Header
Steve Hackett - Please Don't Touch! CD (album) cover

PLEASE DON'T TOUCH!

Steve Hackett

 

Eclectic Prog

3.61 | 387 ratings

From Progarchives.com, the ultimate progressive rock music website

chessman
Prog Reviewer
4 stars This, Steve's second solo album, is very, very different from his first. It is a pot pourri of styles, with various guests adding their contributions to his songs. When I first bought this, which was as soon as it came out, I was, at first, slightly disappointed. But, over time, I grew to appreciate its qualities. What it does show, as do all his albums, is his amazing compostional skills. He can turn his hand to various styles, and yet retain that distinctive Hackett touch. 'Narnia' is an excellent opener, with superb 12 string again to the fore, upbeat and cheerful. 'Carry On Up The Vicarage' is the type of Hackett song I love, quirky and funny. It is the sort of song that Genesis themselves used to be good at, listen to 'Harold The Barrel' on Nursery Cryme for comparison. He has a very dry and underrated sense of humour does our friend Mr Hackett! 'Racing In A' used to be one of my least favourites, but is now one of my faves, especially the brilliant acoustic ending. 'Kim' needs no introduction, as it appears on most of his live recordings, and is an integral part of many of his set lists. Nevertheless, this was the first time the track made its appearance - this is the original! 'How Can I?', with Richie Haven's distinctive vocals, is quite un-Hackett like, yet very effective too, with minimal guitar on it. This is another thing I admire about the man, although he is one of the world's guitar giants, he doesn't play on it. If a song needs little, or no guitar, he doesn't add it, just for his ego's sake. 'Hoping Love Will Last' is the nearest he has ever got to smooth soul music. Randy Crawford, who's voice I always liked back then, sings it beautifully, while Steve's guitar flows poignantly in the background. A lovely piece. 'Land Of A Thousand Autumns' & 'Please Don't Touch', which merge into each other, are well known, through his live work, and are excellent instrumentals, whilst 'The Voice Of Necam', with its beautiful, sparse instrumentation, ending in simple yet effective acoustic guitar, is maybe the overlooked gem on here. And finally we have my favourite track, the brilliant 'Icarus Ascending' with Richie Havens again in fine form. This is the equivalent on here of 'Shadow Of The Heirophant' on Voyage Of The Acolyte. It is really lovely. I have the remastered edition with bonus tracks. The first of these is an interesting version of 'Narnia', musically the same but with a different singer, John Perry. This is neither better nor worse than the Steve Walsh version. Walsh has a pleasant, if unremarkable voice, whilst Perry has a more feminine tone to his. Nothing to choose here. Then we have a live version of 'Land Of A Thousand Autumns/Please Don't Touch' which is good but not essential, as the boxed archive set has live versions of these on it. Finally we have an alternate version of Narnia, with the Walsh vocals. This is almost identical to the album version, but with a slightly different ending, that actually ends instead of fading out. Again, not essential. Like all the Hackett remasters, the quality is superior to the original, louder, brighter & clearer. Another must have for Hackett fans.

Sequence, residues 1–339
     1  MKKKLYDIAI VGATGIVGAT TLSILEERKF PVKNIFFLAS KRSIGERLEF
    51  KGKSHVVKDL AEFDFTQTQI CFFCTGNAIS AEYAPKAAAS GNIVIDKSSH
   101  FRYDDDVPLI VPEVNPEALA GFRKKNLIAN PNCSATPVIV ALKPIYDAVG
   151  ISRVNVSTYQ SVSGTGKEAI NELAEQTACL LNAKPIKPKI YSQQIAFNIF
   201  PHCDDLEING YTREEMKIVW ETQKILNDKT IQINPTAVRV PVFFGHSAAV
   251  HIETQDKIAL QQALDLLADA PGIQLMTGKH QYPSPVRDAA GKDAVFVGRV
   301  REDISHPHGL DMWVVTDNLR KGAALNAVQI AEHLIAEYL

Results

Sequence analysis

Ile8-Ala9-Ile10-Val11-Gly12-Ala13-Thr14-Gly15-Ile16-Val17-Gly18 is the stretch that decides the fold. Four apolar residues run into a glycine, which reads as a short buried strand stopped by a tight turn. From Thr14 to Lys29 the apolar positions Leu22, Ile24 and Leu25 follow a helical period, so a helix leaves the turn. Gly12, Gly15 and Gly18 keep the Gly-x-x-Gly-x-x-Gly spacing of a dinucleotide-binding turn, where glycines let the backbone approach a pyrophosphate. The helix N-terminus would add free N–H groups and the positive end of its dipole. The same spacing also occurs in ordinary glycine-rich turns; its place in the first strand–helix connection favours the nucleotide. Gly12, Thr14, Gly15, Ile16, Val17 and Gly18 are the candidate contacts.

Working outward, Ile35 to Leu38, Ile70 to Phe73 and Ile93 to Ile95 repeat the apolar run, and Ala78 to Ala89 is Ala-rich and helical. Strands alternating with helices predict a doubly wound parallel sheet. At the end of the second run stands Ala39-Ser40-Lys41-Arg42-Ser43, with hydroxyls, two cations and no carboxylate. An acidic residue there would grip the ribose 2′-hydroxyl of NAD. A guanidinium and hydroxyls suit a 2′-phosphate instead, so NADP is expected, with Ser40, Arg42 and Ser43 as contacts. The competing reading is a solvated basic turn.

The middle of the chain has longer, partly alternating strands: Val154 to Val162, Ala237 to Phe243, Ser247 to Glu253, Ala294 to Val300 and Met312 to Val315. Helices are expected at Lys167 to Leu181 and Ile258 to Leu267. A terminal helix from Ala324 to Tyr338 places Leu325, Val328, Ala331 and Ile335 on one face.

chessman | 4/5 |

MEMBERS LOGIN ZONE

As a registered member (register here if not), you can post rating/reviews (& edit later), comments reviews and submit new albums.

You are not logged, please complete authentication before continuing (use forum credentials).

Share this STEVE HACKETT review

>

Review related links

Copyright Prog Archives, All rights reserved. | Legal Notice | Privacy Policy | Advertise | GeoIP Services by MaxMind | RSS + syndications

Other sites in the MAC network: JazzMusicArchives.com — the ultimate jazz music virtual community | MetalMusicArchives.com — the ultimate metal music virtual community


Server processing time: 0.02 seconds